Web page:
NAIROBI, Sept 15 (Reuters) - This Sunday in South Africa, an accountant, an entrepreneur and a boxing executive are among
Rocky and Marama have adopted a four-month-old Gentoo chick that will be classified as neither male nor female, Sea Life London Aquarium said.
The teenage climate activist explains how being different has helped her see the crisis.
A Center for American Progress review shows nearly 30 million acres of federal land in the state are at risk of being developed or transferred.
The typhoon, one of the strongest to hit the Japanese capital in years, killed at least one woman and disrupted flights and public transportation across the city.
An algal bloom in the Gulf is devastating coastal businesses.
“The U.S., which should be the world leader in environmental control, has lost that and has decided to go the other way,” said the Rolling Stones singer.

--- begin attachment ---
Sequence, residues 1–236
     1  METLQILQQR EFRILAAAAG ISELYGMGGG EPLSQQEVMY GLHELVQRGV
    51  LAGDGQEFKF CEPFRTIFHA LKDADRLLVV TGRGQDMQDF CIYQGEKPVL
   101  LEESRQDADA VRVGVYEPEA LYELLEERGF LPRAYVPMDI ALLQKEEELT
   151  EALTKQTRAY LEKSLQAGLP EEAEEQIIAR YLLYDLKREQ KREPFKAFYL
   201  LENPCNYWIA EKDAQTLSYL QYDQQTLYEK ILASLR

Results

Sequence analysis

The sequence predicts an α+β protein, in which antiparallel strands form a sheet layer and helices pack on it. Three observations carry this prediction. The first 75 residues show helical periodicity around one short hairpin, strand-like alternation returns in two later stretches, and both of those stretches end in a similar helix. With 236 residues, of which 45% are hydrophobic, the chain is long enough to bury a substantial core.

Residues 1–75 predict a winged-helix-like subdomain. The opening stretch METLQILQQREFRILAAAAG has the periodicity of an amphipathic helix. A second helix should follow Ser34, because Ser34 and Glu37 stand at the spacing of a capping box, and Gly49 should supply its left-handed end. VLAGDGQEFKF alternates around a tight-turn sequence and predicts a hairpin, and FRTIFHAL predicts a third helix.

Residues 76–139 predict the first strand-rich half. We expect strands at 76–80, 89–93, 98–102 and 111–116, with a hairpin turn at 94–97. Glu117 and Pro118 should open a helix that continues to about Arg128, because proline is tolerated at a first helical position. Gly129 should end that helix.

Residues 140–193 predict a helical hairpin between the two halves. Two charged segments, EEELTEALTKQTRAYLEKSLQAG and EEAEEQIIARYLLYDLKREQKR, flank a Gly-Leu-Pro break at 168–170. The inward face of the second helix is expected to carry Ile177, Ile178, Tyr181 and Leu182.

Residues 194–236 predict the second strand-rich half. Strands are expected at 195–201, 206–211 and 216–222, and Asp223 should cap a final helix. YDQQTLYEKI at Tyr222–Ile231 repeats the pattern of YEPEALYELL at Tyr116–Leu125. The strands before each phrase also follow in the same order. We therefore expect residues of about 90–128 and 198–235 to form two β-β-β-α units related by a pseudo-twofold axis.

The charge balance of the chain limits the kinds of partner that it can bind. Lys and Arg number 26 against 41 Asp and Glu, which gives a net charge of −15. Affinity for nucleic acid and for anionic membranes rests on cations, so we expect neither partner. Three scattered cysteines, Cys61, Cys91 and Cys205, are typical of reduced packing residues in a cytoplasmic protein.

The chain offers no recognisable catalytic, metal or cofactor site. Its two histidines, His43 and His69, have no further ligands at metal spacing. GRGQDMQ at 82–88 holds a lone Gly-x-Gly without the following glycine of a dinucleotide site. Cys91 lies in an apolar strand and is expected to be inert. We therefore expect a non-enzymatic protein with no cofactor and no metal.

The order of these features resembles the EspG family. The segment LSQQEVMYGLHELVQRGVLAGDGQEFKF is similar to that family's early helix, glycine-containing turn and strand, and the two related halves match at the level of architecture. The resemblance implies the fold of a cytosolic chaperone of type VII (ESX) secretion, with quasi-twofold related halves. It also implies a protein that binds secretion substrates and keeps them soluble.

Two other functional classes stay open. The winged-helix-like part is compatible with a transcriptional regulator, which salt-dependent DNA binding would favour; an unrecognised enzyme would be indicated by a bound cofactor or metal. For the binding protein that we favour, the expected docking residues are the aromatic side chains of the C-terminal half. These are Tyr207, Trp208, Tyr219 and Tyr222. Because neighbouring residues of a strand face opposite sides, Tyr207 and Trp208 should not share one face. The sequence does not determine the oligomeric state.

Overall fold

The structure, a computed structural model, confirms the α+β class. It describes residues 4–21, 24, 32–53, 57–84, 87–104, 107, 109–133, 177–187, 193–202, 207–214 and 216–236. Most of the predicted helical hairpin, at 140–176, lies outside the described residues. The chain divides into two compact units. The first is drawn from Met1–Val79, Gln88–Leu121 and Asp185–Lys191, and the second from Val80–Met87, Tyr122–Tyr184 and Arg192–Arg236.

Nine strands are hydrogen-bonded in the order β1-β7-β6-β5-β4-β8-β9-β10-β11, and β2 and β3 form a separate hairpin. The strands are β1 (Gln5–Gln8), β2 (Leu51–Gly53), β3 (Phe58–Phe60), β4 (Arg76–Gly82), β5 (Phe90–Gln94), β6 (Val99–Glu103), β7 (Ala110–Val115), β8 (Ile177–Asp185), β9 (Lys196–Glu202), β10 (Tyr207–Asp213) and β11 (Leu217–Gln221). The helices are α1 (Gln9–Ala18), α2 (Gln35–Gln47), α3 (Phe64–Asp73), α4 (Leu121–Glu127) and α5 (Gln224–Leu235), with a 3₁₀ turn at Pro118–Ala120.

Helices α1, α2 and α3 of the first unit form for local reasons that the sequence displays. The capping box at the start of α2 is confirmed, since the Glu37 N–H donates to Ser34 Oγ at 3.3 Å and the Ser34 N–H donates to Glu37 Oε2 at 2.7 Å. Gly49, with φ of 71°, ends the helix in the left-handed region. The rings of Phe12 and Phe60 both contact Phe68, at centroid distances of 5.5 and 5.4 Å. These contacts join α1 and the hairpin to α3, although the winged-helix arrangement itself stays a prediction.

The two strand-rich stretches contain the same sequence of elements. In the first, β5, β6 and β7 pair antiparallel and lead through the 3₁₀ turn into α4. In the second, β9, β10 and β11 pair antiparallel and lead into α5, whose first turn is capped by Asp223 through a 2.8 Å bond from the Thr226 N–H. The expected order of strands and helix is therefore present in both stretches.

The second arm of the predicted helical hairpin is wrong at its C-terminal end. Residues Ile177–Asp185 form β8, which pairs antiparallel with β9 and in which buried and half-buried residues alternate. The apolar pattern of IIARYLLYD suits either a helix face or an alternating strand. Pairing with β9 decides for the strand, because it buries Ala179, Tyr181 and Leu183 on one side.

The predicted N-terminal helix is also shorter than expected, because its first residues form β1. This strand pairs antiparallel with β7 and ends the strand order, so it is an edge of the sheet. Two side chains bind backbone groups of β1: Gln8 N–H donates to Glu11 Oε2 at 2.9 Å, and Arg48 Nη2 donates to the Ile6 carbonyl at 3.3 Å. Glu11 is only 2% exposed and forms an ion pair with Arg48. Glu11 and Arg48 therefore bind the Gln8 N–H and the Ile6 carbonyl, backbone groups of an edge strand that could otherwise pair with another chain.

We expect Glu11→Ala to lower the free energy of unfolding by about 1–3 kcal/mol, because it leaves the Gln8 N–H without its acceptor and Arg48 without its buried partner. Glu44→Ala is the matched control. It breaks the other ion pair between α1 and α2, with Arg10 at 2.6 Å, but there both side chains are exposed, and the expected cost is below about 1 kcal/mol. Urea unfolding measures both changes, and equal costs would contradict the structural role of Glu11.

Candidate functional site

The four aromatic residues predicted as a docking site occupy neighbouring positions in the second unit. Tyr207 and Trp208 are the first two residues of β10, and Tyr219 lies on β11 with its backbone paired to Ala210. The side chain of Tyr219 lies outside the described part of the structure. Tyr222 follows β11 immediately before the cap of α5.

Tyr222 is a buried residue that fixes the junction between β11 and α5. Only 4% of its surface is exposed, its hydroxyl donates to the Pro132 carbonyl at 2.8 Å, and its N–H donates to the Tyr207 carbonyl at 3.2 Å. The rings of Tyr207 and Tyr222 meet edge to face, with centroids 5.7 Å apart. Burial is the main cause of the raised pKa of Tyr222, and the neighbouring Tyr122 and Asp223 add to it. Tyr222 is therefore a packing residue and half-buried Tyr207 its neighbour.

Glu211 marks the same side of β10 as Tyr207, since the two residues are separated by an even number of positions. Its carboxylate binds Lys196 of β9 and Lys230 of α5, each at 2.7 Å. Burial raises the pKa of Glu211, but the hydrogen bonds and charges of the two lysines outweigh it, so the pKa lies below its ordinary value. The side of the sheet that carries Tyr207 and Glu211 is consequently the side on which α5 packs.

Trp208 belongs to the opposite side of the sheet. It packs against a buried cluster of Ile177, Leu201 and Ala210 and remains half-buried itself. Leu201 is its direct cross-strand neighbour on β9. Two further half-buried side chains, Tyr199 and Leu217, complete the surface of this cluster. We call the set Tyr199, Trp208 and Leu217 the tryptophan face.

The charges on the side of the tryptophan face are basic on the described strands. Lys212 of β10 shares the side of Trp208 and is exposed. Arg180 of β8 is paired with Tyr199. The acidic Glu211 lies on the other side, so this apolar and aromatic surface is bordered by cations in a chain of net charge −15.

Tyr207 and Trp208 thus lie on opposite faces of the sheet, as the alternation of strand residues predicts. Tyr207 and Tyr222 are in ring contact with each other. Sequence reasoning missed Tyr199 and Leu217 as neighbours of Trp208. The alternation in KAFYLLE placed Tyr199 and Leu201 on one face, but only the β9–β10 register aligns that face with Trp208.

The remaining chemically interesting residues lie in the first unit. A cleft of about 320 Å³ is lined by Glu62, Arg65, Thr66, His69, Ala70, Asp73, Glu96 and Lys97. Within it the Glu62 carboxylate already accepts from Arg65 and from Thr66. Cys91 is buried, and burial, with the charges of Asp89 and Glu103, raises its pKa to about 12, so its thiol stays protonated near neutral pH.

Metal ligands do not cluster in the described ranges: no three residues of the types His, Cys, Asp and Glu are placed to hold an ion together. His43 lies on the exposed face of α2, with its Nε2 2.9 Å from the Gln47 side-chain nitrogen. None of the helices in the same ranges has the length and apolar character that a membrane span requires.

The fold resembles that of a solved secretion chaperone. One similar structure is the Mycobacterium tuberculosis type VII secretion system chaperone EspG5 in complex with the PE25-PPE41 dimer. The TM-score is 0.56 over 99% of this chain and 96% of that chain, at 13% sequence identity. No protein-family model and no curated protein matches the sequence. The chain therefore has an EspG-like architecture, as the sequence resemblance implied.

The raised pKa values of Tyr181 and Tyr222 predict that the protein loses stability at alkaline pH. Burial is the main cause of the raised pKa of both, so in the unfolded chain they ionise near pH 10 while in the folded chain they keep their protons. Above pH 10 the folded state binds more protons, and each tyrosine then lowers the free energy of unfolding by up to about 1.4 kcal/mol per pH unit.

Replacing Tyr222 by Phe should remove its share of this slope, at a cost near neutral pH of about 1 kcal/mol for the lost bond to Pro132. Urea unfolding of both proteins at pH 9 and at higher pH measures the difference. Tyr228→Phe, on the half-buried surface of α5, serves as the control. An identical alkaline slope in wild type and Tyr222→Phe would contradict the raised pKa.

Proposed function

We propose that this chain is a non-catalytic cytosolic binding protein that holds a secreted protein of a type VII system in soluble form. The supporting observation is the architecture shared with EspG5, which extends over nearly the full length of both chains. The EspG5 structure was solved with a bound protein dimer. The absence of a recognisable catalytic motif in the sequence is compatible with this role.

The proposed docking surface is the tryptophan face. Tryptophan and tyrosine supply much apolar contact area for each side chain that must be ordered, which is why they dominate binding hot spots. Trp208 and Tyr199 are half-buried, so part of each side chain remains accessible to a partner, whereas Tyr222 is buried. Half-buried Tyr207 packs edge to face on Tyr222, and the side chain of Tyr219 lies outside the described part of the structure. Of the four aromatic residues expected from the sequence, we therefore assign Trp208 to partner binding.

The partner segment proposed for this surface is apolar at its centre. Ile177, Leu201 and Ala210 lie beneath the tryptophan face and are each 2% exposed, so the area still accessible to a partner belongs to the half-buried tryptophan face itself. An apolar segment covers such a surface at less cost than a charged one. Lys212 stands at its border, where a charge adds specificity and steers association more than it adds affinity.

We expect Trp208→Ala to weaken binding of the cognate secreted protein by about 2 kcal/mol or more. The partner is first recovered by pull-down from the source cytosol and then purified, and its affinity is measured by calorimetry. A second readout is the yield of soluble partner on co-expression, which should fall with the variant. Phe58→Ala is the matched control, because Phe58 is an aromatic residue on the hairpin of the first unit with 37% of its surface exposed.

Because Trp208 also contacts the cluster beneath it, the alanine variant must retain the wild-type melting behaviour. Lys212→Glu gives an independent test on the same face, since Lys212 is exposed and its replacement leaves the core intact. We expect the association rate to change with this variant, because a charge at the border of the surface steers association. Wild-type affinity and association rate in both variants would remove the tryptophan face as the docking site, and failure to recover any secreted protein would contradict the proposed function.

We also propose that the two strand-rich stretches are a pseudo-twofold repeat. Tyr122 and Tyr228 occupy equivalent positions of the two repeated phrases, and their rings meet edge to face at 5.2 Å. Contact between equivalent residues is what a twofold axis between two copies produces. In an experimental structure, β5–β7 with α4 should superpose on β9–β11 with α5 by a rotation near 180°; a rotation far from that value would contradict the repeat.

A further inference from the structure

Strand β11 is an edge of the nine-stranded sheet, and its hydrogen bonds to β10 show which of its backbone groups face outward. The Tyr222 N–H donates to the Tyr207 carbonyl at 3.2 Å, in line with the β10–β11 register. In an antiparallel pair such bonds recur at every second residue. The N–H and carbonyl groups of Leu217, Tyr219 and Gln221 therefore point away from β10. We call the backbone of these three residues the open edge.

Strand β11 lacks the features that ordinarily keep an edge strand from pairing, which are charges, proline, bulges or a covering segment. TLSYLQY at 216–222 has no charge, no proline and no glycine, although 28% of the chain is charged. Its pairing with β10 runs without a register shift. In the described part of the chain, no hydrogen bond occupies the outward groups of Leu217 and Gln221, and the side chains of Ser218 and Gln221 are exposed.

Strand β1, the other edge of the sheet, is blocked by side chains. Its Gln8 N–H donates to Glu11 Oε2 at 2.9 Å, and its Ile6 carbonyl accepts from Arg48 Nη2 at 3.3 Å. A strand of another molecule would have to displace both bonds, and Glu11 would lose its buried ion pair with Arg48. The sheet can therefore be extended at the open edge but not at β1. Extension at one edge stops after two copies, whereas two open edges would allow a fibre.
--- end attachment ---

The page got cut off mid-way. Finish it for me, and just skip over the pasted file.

Perfluoroalkyl and polyfluoroalkyl, which are used to make products stain- and water-resistant, have been linked to adverse health effects.
The problem could affect as much as 80% of the people in Africa by 2050.
Cyanobacteria, also known as blue-green algae, is capable of killing animals and sickening humans if ingested.
Officials are expected to announce charges against employees of a Florida nursing home relating to a spate of deaths at the center after Hurricane Irma.
The country's political center is literally being crushed under the weight of overpopulation and over-extraction of groundwater.
From global trade tensions, to Brexit to the fires in the Amazon rainforest, leaders struggled to find common ground on the world's pressing problems.
The 2020 Democratic candidate's climate plan offers a detailed vision that would expand public ownership of utilities and make electricity “virtually free" by 2035.
The blazes are roasting South America's biggest country just as far-right President Jair Bolsonaro is rolling back environmental and indigenous protections.
Climate experts disputed the right-wing president's claim as a "smoke screen" to hide his active dismantling of decades of Brazilian environmental protections.
The new rules are a “breathtaking" and “illegal” attack on the bedrock conservation law, an Earthjustice attorney said.